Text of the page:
Community Land Trusts (CLTs) are nonprofit entities created to maintain community control of real property outside commodified, speculative land and housing markets. We can create a CLT that owns certain land in perpetuity, but can sell affordable homes on that land to working class families trying to build equity. Richmond has a CLT. So should we.
Overhaul our local zoning ordinances and land use guide.
We’ve painted ourselves into a corner with exclusionary zoning. We are in the early stages of chipping away at this issue on Planning Commission. We recently approved R-8, which is a new zoning classification that allows for smaller lot sizes. We should upzone in certain low-density neighborhoods when we have the opportunity. I’m also advocating to reduce mandatory parking minimums wherever possible. We still have a very long way to go.
Participate in public hearings held by Planning Commission and City Council.
We should change the city’s public notice policy to include renters. When there is a public hearing on a rezoning or a special use permit, homeowners should not have more of a say in what happens to their neighborhood than community members who rent. “NIMBY-ism” (not in my backyard) can be a powerful force for maintaining the status quo, and it’s why some rezoning requests get 86'd. There is now a growing “YIMBY” movement in the US pushing for zoning reforms. Public hearing meetings can tend to run long, so if you can’t attend, email councilmembers and commissioners.
Create a registry of vacant houses.
Currently there is no comprehensive list that tells us how many vacant residential properties exist in the city (houses that are not occupied and not for sale). We know how many homeless people live here, but we should also know how many people-less homes there are. We can use the authority granted to localities in the 2016 Land Bank Entities Act of Virginia to create a process for addressing those properties.
Address the racial wealth gap created by “urban renewal” and segregationist zoning policies.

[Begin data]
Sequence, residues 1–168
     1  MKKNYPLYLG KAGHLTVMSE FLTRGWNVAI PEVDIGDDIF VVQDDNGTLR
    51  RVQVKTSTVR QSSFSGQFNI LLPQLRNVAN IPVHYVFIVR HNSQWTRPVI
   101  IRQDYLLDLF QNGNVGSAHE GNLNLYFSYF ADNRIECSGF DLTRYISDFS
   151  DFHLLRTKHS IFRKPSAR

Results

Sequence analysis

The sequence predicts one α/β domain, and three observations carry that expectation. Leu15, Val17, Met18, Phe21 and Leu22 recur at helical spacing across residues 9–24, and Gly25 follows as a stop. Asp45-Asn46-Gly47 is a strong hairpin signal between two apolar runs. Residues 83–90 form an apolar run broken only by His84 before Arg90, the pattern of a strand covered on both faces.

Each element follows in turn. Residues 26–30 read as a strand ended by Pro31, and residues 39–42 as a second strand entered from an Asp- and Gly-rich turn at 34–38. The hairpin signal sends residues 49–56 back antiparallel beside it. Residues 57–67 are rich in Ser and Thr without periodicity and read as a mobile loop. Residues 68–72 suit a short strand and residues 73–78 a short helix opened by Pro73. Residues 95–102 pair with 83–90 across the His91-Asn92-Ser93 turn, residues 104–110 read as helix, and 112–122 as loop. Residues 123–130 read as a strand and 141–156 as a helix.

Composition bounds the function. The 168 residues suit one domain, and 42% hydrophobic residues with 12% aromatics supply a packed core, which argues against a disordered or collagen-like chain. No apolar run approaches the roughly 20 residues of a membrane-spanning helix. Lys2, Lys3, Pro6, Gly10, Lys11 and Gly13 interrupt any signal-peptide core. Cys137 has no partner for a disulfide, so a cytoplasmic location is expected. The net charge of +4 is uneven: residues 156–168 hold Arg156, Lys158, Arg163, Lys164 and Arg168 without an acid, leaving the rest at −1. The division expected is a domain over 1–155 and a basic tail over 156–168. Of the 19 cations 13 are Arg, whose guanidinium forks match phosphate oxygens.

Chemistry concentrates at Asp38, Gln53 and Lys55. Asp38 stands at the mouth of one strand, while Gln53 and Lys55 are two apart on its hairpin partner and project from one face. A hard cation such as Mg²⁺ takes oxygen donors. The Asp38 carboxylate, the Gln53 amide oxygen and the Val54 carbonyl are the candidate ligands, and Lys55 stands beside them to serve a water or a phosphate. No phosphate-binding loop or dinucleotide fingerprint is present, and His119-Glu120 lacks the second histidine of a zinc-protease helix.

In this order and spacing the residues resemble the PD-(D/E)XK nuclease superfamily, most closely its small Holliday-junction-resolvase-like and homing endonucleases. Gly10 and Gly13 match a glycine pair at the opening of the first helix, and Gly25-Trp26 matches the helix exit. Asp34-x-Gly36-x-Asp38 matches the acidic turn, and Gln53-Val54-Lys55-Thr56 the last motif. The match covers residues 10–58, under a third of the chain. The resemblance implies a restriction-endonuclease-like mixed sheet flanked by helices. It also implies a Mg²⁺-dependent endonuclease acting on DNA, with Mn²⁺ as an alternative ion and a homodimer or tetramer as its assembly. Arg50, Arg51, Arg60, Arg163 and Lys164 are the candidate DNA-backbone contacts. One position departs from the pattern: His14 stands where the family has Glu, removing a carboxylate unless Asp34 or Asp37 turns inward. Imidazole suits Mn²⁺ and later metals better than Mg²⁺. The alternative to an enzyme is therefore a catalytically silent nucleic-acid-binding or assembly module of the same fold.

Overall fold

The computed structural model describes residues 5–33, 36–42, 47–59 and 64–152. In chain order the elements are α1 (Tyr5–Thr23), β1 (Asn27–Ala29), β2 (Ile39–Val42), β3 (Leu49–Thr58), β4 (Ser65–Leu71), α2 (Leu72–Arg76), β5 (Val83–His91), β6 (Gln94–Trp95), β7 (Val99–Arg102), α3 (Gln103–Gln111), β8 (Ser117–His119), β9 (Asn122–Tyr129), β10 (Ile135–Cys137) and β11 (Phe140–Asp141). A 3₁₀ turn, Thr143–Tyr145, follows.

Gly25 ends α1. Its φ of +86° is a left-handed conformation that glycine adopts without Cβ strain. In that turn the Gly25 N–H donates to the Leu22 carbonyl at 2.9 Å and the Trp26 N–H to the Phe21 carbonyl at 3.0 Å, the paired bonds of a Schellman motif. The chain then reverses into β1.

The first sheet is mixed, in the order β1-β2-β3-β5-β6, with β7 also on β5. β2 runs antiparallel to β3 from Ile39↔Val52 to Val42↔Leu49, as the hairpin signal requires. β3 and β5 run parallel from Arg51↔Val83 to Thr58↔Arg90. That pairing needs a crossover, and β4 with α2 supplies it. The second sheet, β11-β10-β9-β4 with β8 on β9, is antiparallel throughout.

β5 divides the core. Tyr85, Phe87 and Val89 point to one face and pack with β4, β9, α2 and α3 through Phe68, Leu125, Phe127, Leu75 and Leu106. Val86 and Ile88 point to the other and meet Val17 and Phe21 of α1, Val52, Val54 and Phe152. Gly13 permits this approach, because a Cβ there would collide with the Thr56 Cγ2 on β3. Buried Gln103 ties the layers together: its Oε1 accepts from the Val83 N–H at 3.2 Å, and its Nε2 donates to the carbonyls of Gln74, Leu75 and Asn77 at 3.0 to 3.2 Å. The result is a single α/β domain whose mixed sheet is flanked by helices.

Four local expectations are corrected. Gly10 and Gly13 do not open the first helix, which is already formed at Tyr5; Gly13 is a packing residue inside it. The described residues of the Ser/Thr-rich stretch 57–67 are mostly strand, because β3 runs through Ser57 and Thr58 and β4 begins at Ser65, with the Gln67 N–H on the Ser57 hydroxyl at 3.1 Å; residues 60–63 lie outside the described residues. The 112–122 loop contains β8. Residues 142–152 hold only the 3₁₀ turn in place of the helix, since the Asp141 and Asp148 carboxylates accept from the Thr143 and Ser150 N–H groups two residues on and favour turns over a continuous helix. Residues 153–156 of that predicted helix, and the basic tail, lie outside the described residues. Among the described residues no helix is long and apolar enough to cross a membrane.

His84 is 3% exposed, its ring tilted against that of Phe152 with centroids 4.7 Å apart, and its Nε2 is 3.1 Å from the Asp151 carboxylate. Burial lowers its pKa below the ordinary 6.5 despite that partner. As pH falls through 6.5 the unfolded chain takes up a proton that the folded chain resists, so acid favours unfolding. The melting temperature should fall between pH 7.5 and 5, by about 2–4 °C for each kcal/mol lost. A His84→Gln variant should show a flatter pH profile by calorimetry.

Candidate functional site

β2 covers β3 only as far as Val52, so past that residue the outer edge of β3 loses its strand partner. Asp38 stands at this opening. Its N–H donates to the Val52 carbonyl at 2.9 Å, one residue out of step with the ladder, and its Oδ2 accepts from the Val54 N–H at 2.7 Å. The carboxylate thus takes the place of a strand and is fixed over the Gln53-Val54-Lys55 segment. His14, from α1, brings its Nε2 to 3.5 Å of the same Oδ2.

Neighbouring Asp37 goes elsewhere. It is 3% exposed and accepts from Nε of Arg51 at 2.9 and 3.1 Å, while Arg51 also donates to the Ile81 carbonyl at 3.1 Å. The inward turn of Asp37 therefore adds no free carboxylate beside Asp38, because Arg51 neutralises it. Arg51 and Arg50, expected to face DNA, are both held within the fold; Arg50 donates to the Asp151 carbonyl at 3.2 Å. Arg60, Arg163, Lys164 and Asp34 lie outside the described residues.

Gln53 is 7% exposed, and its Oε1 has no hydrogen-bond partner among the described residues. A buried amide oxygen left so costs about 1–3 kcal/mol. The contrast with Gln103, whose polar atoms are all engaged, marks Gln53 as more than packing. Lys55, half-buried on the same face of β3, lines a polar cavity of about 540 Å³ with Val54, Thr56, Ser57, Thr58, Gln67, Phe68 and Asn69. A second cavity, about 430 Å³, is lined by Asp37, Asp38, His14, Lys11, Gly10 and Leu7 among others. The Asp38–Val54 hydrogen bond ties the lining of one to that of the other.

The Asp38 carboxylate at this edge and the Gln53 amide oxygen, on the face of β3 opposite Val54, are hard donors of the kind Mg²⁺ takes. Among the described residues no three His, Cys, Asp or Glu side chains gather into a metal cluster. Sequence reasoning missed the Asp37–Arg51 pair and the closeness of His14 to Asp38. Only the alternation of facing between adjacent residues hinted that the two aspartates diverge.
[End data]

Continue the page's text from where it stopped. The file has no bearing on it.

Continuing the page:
Exclusionary zoning in the US has origins in racist segregation policies. Locally, “urban renewal” Project R-4 destroyed houses and wiped out black family and community wealth in Harrisonburg. It’s a shameful chapter in our history that should be taught about, learned from, and addressed through a process driven by families of those who were (and still are) affected by it. There may be opportunities to crowdsource repairs to some houses, or forgive debts and tax liens on certain properties.
Give local communities more flexibility to address the housing crisis.
Virginia is one of the most restrictive states in the nation when it comes to how much flexibility municipalities have to address local housing issues. Local governments have no power to implement policies such as rent stabilization or forbidding discrimination against housing voucher holders. General Assembly should empower local communities by ditching Dillon’s Rule.
Push for state incentives to build more on-campus student housing.
It’s not acceptable for state universities to offload the responsibility of housing students onto local communities and shrug off local residents’ concerns about the impacts. Blacksburg Town Council recently passed a resolution to rein in “anything goes” sprawling student housing developments, and there has been a push for more on-campus housing at Virginia Tech. General Assembly should ease the development pressure on college towns by funding incentives to build more on-campus housing.
Petition the Governor to have local representation on the JMU Board of Visitors.
The university makes big decisions that have a tremendous ripple effects in our local community (such as how many new units of on-campus housing get built). The city government has no say in those decisions. No one on the Board of Visitors actually lives here. The Governor makes those appointments.
Fund and build social housing for everyone who needs it.
Zoning and land use reforms may allow construction of “missing middle” housing, but affordable housing schemes that attempt to piggyback on the private market will never provide enough housing for those at the bottom of the socioeconomic ladder. HUD programs are ineffective because the scale of their programs is too small, and the red tape is too cumbersome. Low-income individuals may qualify for Section 8 vouchers, but there aren’t enough participating landlords in Harrisonburg with vacancies to accept them, so those vouchers expire. The Faircloth Amendment prohibits increasing the number of public housing units, and should be repealed.
There are two new policy proposals from Data For Progress and the People’s Policy Project that lay out plans for how we can create enough social housing for everyone who needs it. We should advocate for a locally-administered federal job guarantee program to build more housing. Constructing public housing was a major accomplishment of the Works Progress Administration (WPA) during the New Deal in the 1930s, but it left black communities behind. Any federal social housing plan must include land use reforms to address sprawl, transportation, and segregation.